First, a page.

An Emperor says Sayonara
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An Emperor says Sayonara

By Girija Madhavan

On June 9, 2017, the Japanese Diet enacted an Abdication Law, called a “Single Use Law,” to enable Emperor Akihito to abdicate for reasons of health and age. The “Chrysanthemum Throne” will then pass on to Crown Prince Naruhito.

The dynasty goes back to 1300 years. Legend claims that the rulers are the descendants of Sun Goddess, Omikami Amaterasu and were considered divine. After 1945, Japan became a democracy with a Constitutional monarchy.

My husband was posted as Indian Ambassador to Tokyo from 1985 to 1988. This was during the reign of Emperor Hirohito, called the “Showa” period (1926-1989). Hirohito, the 124th emperor, led Japan from peaceful progress to defeat in the Second World War after the atomic bombs on Hiroshima and Nagasaki. Yet Hirohito was venerated by his people. Emperor Akihito, his son, and Empress Michiko are popular for their interaction with the people and meeting survivors of disasters like Tsunami.

We had a formal audience with Emperor Hirohito. We went early to be briefed on etiquette by Palace Officials, who wore, not kimonos, but classic English Tails and striped trousers. We entered the room where the Emperor sat, advanced three steps, bowed and we took our places on gilded chairs. A  soft-spoken man, he asked questions of general interest, initiating the conversation. Then, on a cue from the courtiers, we got up, took three steps backwards, which made me nervous about tripping over my sari, turned and left.

Cravat ornament given by the Japanese Imperial Palace.

We were also invited to luncheons at the Palace with other selected diplomats. The highlight was that the Sake glasses, emblazoned with the ten-petalled chrysanthemum crest exclusive to Japan’s royalty, were boxed and given to us as souvenirs.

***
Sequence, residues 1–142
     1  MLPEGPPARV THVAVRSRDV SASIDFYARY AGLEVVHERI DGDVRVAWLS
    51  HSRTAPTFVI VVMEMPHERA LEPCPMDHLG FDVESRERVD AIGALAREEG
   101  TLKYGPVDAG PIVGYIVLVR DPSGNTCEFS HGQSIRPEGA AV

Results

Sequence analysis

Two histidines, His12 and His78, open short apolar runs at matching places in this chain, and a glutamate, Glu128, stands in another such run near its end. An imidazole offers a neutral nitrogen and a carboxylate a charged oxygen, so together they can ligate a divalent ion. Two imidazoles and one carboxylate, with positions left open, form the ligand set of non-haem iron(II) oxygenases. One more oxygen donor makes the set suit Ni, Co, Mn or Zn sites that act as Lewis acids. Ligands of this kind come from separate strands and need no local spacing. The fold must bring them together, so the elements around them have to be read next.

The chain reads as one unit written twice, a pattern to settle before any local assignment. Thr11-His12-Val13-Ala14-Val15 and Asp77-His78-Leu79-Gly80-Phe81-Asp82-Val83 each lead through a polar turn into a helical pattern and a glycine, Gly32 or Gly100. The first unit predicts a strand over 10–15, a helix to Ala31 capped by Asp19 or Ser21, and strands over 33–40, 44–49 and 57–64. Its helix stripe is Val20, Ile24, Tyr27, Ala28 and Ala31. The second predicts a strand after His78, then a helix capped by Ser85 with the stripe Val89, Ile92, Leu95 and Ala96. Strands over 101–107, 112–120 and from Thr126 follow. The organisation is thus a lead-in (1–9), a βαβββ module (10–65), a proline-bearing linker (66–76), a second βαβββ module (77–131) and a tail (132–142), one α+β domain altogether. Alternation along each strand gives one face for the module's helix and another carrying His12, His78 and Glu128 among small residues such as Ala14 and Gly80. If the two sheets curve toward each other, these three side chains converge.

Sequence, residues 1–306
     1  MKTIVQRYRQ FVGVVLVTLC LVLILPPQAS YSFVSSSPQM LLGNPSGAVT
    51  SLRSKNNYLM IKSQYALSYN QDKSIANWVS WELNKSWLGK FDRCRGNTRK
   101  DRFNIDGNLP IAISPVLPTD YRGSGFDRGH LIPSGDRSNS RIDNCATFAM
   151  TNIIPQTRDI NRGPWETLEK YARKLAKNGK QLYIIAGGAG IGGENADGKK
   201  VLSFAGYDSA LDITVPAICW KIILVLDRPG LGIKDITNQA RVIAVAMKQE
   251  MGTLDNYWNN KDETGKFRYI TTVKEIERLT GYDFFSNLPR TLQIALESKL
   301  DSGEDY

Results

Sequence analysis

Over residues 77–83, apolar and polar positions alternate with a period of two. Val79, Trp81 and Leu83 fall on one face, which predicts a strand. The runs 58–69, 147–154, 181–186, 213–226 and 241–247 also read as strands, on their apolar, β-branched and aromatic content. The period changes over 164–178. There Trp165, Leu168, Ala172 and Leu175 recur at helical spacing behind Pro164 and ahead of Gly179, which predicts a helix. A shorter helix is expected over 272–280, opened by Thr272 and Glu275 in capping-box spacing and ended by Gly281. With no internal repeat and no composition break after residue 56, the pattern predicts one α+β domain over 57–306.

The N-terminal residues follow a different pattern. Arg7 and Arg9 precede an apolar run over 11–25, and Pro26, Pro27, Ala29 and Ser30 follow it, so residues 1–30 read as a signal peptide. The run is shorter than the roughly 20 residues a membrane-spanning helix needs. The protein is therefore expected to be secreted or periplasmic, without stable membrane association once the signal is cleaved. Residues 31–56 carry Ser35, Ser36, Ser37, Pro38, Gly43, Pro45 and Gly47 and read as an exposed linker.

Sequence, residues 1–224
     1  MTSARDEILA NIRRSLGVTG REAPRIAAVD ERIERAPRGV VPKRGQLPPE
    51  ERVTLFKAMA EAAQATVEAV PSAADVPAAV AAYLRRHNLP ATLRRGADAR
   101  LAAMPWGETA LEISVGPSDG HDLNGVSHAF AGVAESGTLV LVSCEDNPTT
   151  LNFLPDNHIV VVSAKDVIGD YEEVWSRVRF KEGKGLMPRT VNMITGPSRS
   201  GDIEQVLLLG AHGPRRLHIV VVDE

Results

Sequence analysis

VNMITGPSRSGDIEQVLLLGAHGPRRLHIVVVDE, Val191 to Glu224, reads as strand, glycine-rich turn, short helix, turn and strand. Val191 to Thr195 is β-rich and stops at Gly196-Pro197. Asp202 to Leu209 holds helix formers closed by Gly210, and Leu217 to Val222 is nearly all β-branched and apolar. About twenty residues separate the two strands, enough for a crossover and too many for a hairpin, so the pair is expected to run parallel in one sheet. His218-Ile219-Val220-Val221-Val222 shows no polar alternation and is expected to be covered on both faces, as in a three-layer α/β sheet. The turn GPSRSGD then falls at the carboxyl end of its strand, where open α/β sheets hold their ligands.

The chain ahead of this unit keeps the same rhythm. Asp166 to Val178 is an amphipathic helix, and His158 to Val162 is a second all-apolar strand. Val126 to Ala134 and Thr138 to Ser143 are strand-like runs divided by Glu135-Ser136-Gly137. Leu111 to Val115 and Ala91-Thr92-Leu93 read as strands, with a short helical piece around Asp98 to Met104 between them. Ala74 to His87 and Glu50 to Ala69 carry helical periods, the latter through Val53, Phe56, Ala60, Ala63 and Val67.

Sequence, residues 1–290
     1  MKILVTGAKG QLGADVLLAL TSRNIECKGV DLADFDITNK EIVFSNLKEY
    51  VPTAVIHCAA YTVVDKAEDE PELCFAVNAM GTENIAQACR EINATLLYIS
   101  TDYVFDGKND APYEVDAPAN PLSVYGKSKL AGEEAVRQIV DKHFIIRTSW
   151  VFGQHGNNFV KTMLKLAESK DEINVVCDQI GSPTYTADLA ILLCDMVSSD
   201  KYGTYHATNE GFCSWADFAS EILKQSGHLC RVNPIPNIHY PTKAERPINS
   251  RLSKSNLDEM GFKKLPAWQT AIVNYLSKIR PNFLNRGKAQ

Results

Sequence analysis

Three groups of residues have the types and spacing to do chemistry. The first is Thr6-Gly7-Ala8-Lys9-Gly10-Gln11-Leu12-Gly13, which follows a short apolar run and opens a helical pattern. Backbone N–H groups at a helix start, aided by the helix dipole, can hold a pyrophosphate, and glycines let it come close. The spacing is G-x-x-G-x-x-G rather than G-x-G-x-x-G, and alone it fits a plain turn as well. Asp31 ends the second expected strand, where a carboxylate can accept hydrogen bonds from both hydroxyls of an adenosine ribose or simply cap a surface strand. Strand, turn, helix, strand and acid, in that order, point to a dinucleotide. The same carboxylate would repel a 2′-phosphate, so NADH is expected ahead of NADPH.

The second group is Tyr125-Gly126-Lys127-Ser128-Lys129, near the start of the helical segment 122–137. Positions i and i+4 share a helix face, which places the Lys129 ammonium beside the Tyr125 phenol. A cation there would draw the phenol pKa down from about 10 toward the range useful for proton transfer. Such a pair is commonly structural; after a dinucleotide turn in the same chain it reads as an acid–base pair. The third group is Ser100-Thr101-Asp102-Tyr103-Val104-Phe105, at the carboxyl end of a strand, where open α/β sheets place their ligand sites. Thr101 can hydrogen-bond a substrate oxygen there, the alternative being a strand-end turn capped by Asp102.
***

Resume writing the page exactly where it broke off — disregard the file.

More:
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We met Crown Princess [now Empress], Michiko. She was not of a royal line.  She had been a tennis star before she married into the imperial family after a storybook romance. Adapting to the strict Palace etiquette and duties gave her a nervous breakdown. When we met her she had recovered to become a serene and gracious person. Speaking of literature, she recounted how she had read aloud the poetry of Rabindranath Tagore when she was expecting Crown Prince Naruhito, hoping to convey the beauty of the lyrics to him.

The other members of the Household were punctilious about social duties. Princess Hanako often attended the meetings of the Asian Ladies’ Friendship Society. She was elegant in Western haute-couture, set off by gleaming pearls, hat and gloves. Once I had to make Indian dishes for a lunch that she was attending. When it was time to take the food to the venue, I remember my panic when the old Embassy fridge containing the Raita, Gajar Halwa and Rasogollas for dessert got locked and took ten minutes to open.

A coveted invitation was to the Imperial Farm for “Duck Netting” and lunch. The guests were given long poles topped with a large net. We gathered on either side of a deep canal filled with ducks, nets held high. A game-keeper startled the ducks with a drum beat, so they flew upwards. The sport was to catch the ducks in the net, releasing them at once. I was unable to net a single duck until a Princess caught one in my net, so that I should not have a zero score.

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A Japanese diplomat, Hisachi Owada and his wife were our friends. We were posted together three times. Their eldest daughter, Masako-San, whom we had known as a teenager, became a Japanese diplomat. She later married Crown Prince Naruhito and will be the next Empress.

The imperial family is closely connected with the Shinto religion, their regalia being the Mirror, Jewel and Sword. In the Indian Embassy Residence in the Takadanobaba district, Tokyo, there was a small Shinto shrine in the garden under an evergreen tree. The gardener was not of the Shinto faith and kept his brooms and tools in it. Maha San, a young woman working for us, came to me troubled; as she ironed in an upstairs room, currents of air inexplicably eddied around her ankles. She felt it was because of disrespect to the shrine. So we cleaned the three tiers inside. On the top shelf we placed a mirror, water and O-Sake; on the next, some salt and sugar, flowers on the third. Then we clapped our hands and bowed three times to the refurbished shrine. Eddies of air no longer disturbed Maha San.

The discipline and politeness of the Japanese and their exquisite aesthetics are admirable. We learnt to respect and remember these virtues.

July 30, 2017

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